By Staff Writer | June 1, 2013
Which manufacturer(s) do you think will win the U.S. Navy’s relaunched VXX Presidential Helicopter
Let us know, and look for your and others’
wresponses in a future issue. You’ll find contact information below.
I was enjoying reading the May 2013 print edition, when one article caught my attention. I’m talking about Andrew Drwiega’s article on page 20, “Margaret Thatcher’s Falklands Defense Required Extensive Helicopter Operations on Land and at Sea.”
The Falklands/Malvinas conflict is still running in the United Nations and other international forums, as there is still no final decision the correct way to refer to it, as I mentioned naming the islands with both English and the Argentine titles.
As the subject is very sensitive one, and you have many readers not only in Argentina but in South America too, I think is more appropriate to mention the islands with both names, Falklands/Malvinas is not just an Argentine subject but a Latin American one. Besides that, for a magazine that tries to be more “international” as stated in the same edition, ignoring the other side of the history – Argentine helicopter operation in the war – seems unfair.
Pablo Slavik, Helicopter Pilot
San Juan Province Government Aviation Branch
Former Argentine Army Aviation Pilot
Online response to “Osprey Takes on Greyhound in Fight Over U.S. Navy’s COD,” May 2013, page 18:
The VRC’s need/require augment by Bell-Boeing V-22s for long range delivery of time sensitive/mission critical (TS/MC) cargo to amphibious and STOVL platforms. This will solve so many problems for the Amphibious Ready Groups. Should the light carrier concept actually take off with Marine F-35Bs on board, a tanker will be required. This is a relatively easy modification to the V-22. Rigid fuel bladder refueling modules would require more plumbing and perhaps additional support equipment tied down in the cargo area. The more difficult problem is airborne early warning and control for light carrier battle groups. The V-22 cargo space is spacious compared to the cramped spaces in the E-2C. Additional consoles and mission support should be possible. Since this support will be for amphibious missions as well, the extra space will be filled quickly.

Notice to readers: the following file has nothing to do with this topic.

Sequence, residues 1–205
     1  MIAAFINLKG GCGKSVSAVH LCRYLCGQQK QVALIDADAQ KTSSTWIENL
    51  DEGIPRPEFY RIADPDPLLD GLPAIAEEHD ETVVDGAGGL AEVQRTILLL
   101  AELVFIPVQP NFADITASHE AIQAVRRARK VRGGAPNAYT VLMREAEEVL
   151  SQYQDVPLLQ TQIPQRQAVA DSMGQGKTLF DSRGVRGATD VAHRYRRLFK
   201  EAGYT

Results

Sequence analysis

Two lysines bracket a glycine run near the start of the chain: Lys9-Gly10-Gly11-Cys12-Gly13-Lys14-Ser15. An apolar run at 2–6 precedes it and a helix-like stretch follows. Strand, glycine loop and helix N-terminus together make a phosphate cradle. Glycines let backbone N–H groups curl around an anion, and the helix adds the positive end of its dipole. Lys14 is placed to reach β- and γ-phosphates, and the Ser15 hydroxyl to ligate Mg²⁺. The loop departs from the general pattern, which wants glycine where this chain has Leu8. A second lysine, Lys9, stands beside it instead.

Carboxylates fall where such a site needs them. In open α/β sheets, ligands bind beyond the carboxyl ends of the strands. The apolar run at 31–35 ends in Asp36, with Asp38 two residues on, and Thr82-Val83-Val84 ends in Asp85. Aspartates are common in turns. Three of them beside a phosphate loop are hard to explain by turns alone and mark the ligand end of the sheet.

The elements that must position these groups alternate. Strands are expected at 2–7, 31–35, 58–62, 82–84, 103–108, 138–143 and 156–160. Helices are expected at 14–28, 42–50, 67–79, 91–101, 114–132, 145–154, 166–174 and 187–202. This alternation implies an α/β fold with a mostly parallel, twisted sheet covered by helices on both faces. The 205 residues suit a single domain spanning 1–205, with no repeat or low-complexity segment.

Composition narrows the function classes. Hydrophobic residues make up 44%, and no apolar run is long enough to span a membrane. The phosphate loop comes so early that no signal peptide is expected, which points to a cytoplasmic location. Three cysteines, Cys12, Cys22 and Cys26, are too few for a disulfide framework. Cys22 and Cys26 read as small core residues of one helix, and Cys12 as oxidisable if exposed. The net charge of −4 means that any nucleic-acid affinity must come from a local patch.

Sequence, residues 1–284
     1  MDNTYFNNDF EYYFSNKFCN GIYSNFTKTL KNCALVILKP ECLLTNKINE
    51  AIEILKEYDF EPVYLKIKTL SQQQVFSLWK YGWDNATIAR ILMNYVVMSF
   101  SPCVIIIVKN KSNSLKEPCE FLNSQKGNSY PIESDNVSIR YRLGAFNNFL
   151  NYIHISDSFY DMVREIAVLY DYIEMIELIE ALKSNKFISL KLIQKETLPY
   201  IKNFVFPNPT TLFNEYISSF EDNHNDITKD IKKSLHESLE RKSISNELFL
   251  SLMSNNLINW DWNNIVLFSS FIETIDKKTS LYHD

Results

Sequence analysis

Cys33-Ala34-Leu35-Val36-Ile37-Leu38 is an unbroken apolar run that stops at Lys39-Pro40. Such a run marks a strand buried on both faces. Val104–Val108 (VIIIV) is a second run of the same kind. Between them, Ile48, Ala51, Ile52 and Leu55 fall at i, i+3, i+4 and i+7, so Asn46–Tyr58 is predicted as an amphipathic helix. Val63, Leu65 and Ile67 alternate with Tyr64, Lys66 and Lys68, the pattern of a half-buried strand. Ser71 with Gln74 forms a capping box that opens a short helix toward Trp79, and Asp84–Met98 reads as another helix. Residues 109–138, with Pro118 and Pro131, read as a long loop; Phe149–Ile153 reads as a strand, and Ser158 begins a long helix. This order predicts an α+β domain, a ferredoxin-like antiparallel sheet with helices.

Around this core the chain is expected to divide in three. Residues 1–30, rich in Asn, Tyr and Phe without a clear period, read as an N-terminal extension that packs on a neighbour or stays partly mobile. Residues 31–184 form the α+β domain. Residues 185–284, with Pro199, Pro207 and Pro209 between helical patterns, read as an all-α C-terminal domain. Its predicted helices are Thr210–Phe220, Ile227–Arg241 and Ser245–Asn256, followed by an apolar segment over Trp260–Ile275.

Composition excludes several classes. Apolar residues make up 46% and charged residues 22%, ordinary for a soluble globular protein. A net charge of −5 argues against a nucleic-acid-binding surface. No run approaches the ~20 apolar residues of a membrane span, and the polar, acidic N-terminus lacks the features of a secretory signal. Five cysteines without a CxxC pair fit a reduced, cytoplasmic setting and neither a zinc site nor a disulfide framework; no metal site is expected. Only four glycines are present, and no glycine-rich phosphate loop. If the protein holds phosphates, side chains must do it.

Since some of our allies have a similar requirement, some kind of co-development should be possible between the U.S., Great Britain, Italy, India and perhaps Spain. The foreign military sales (FMS) market is opening for the V-22. If a viable pressurized AEW&C V-22 with a reasonable persistence on station can be devised, it may have customers in everyone with a little flattop.
Online response to “NTSB: Texting, Distracted Multitasking Factors in 2011 Helicopter EMS Crash,” www.rotorandwing.com, April 2013:
It’s sad that we have to continue to see and read reports of pilot error in too many of these accidents. Sad three innocent people who were counting on the pilot being a professional, ended up losing their lives due to his poor judgment skills. Everyone is a loser here.
The following comments appeared at www.facebook.com/rotorandwing dwing in response to the question, “With several forward-looking rotorcraft designs beginning to emerge such as Sikorsky’s X2 and Eurocopter’s X3, how do you define what makes up a helicopter?”
Ray Leavitt: Just categorize it as VTOL (vertical takeoff and landing).
Ian Phillis: The answer is in the name, if it is fixed-wing then all the surfaces that provide lift are fixed. If any of the surfaces that provide lift move in relation to the aircraft then it is a conventional or composite helicopter.
Michael Reilly: Can it glide without power? If so, why?
Burkhard Domke: How about differentiating by the direction of airflow through the rotor plane in cruise: With helicopters, airflow enters from the top. With autogyros, the airflow enters from below. The latter should be true for the X3, the X2 is a helicopter unless the coaxial rotors go into autorotation in high-speed cruise. The V-22 is a… err… tiltrotor.
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